What is the ideal crew?
There are two distinct schools of thought about the strength of crew needed for long offshore passages and transition sailing. Some couples used to cruising together joined occasionally by friends advocate sailing two-handed. Their reasoning is that they have a system with good communication and trust already in place and that continuing it simplifies the provisioning, cooking, cleaning for longer passage and circumvents any interpersonal issues.
Just bear in mind, especially if it is your first Atlantic crossing or the longest non-stop passage to date, that it is likely to be much more tiring than you think. The long watches, continuous rolling motion and any necessary repairs can be extremely wearing. There is a strong argument for taking one or two more people. But it’s not a must, and if you have appropriate redundancies in key equipment such as autopilot and energy charging, two can work fine.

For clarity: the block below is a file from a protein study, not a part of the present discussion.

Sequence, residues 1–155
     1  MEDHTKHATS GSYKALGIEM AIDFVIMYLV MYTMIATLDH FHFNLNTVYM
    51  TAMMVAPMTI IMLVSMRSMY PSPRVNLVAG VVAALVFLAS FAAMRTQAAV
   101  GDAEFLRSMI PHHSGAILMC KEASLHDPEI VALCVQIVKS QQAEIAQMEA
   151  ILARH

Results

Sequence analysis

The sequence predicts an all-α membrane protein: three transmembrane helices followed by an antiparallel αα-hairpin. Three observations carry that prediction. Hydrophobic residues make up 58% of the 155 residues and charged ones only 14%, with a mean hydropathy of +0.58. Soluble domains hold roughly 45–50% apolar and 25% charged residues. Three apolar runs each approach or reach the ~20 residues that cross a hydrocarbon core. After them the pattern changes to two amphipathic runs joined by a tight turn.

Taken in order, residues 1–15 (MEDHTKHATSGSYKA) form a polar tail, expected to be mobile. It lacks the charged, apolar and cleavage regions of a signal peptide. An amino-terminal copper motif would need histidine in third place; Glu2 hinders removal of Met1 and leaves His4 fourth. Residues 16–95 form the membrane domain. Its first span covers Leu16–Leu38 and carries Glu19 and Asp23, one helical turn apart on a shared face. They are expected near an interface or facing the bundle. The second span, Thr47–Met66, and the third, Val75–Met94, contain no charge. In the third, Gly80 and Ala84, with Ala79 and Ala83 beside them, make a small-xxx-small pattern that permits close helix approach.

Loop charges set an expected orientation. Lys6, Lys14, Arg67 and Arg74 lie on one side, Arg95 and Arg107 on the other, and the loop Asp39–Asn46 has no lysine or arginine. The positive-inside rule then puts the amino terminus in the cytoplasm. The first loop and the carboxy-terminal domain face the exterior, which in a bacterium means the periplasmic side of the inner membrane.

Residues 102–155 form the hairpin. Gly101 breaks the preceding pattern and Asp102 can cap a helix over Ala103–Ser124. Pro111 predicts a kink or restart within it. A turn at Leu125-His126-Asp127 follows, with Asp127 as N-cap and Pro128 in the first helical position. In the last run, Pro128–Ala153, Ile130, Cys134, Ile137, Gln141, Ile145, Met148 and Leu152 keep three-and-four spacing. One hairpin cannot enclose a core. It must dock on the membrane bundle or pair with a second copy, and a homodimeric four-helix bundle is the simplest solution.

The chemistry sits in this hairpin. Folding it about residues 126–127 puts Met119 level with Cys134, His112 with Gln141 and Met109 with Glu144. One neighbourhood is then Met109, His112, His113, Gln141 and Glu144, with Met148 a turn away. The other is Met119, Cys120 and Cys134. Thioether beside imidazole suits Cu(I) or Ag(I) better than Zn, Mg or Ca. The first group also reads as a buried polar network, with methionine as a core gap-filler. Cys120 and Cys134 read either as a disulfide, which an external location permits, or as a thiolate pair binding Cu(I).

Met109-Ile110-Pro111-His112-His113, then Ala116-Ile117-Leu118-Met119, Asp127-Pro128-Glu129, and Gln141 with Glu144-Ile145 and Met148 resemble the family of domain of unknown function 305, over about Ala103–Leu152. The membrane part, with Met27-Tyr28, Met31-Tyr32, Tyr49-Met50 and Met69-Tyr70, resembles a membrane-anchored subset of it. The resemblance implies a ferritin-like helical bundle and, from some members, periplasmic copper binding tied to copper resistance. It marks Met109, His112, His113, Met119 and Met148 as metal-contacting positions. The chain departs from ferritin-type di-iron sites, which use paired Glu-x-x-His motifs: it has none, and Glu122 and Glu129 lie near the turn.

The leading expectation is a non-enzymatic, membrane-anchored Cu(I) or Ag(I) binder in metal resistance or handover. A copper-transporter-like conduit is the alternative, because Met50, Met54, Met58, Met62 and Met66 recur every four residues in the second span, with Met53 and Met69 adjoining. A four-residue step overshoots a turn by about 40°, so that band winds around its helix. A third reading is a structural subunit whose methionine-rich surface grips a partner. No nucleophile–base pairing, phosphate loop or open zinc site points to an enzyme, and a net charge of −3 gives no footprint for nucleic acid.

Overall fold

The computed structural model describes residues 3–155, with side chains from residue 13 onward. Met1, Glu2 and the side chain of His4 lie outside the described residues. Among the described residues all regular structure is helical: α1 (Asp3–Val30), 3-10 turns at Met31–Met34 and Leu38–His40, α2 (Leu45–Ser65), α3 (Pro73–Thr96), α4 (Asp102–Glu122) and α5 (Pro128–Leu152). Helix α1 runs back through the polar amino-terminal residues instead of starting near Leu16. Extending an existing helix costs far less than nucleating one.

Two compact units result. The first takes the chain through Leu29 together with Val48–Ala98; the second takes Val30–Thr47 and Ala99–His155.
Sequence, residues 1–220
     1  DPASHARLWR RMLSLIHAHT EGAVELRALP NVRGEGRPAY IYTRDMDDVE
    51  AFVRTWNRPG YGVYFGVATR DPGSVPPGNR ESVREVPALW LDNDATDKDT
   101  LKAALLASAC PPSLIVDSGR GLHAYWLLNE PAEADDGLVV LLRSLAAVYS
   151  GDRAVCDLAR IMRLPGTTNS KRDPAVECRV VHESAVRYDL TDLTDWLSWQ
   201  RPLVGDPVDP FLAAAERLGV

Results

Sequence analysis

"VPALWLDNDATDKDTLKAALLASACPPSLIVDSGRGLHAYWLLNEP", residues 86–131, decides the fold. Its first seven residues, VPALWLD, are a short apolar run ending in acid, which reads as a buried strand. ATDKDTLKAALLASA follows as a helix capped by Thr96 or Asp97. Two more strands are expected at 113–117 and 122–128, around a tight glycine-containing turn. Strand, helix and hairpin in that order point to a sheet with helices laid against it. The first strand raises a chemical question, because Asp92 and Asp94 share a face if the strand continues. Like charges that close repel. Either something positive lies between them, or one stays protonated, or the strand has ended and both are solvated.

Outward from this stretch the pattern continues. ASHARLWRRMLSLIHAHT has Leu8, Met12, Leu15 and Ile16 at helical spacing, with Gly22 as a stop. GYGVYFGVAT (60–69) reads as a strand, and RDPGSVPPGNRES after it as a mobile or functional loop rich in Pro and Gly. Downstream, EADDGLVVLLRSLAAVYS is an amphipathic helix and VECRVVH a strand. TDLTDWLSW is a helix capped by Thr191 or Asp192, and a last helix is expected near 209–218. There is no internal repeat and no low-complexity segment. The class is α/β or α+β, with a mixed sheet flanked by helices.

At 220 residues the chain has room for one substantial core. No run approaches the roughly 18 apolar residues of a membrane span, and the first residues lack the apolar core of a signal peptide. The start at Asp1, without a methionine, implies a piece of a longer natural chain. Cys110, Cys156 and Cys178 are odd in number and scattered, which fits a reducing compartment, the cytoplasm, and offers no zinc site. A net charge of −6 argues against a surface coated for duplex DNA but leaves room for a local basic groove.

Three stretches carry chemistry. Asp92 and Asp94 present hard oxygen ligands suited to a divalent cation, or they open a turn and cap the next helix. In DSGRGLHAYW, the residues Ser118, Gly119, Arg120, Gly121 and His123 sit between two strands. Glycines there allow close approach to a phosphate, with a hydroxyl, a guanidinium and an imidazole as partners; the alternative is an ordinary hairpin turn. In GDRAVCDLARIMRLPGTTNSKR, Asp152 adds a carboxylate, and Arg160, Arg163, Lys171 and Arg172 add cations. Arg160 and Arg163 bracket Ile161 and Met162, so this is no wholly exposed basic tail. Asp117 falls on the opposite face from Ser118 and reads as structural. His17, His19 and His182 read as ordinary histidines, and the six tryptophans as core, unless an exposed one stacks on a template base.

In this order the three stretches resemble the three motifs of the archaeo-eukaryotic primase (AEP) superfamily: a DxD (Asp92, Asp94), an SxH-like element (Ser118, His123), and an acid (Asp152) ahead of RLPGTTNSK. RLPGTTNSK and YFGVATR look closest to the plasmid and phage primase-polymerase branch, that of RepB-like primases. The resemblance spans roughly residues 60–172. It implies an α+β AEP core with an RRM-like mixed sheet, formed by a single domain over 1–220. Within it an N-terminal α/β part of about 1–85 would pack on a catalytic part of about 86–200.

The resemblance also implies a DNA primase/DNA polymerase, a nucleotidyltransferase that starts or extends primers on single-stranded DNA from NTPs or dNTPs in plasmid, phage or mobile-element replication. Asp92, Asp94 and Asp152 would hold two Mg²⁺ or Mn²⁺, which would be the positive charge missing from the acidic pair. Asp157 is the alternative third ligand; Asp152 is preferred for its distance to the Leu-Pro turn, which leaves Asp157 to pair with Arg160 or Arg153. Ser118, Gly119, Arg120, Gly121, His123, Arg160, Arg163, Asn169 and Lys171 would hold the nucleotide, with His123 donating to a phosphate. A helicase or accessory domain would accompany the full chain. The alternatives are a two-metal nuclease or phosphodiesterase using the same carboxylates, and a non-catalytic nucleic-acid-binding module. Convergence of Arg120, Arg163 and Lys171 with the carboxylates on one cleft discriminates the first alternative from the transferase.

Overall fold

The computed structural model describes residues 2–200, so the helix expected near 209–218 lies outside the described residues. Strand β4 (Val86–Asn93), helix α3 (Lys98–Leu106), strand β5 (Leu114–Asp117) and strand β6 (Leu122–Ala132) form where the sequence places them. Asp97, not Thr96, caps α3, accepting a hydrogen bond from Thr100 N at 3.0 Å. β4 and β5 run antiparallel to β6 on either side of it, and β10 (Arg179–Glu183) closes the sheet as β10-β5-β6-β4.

The other camp, indeed the majority of sailors, believes that the experience is best shared with others. As a charter skipper Kurt Lillywhite usually sails with a full crew, and sees its benefits. ‘A transatlantic is two or three weeks at sea and the biggest risk to safety is fatigue. So for any long-distance trip my preferred number aboard is seven.
‘The reasons are very simple: it enables three watches of two (three hours on, six hours off) and a skipper without a formal watch who can always be on call, but be fresh enough to be useful at all times.